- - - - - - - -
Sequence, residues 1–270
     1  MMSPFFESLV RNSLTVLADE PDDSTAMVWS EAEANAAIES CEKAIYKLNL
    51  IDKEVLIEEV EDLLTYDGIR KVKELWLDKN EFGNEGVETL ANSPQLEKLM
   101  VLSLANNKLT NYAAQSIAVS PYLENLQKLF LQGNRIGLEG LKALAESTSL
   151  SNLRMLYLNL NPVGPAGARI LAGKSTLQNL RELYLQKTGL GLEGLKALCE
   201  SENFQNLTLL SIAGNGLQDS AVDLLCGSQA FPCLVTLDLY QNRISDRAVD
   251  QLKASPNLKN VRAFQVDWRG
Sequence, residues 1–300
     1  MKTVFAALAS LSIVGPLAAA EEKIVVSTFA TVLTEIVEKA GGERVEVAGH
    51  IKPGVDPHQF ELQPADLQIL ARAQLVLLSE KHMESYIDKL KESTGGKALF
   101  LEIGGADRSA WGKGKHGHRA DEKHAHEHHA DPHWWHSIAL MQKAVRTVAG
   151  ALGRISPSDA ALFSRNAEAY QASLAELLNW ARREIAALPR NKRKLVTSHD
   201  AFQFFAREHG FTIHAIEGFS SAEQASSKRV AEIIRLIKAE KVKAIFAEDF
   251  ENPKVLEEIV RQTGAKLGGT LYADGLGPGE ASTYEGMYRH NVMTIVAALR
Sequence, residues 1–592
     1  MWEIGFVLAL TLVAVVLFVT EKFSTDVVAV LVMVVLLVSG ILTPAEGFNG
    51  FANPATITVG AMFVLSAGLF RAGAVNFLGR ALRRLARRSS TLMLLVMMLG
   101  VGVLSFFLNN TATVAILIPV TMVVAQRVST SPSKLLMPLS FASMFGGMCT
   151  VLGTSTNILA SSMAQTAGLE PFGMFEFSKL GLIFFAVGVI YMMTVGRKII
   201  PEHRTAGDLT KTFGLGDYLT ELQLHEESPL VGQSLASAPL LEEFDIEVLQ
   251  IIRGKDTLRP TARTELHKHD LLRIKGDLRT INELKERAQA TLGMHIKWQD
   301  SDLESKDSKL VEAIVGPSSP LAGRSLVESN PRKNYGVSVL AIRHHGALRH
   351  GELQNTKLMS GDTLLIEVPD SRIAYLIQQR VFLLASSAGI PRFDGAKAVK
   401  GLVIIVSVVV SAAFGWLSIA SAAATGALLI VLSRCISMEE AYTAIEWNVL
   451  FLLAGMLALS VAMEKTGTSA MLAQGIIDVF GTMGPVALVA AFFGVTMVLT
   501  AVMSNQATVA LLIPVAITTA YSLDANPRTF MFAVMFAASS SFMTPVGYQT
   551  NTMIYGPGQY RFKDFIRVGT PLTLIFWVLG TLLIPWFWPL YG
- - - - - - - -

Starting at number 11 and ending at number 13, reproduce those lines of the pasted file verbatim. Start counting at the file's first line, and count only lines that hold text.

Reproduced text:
   101  LEIGGADRSA WGKGKHGHRA DEKHAHEHHA DPHWWHSIAL MQKAVRTVAG
   151  ALGRISPSDA ALFSRNAEAY QASLAELLNW ARREIAALPR NKRKLVTSHD
   201  AFQFFAREHG FTIHAIEGFS SAEQASSKRV AEIIRLIKAE KVKAIFAEDF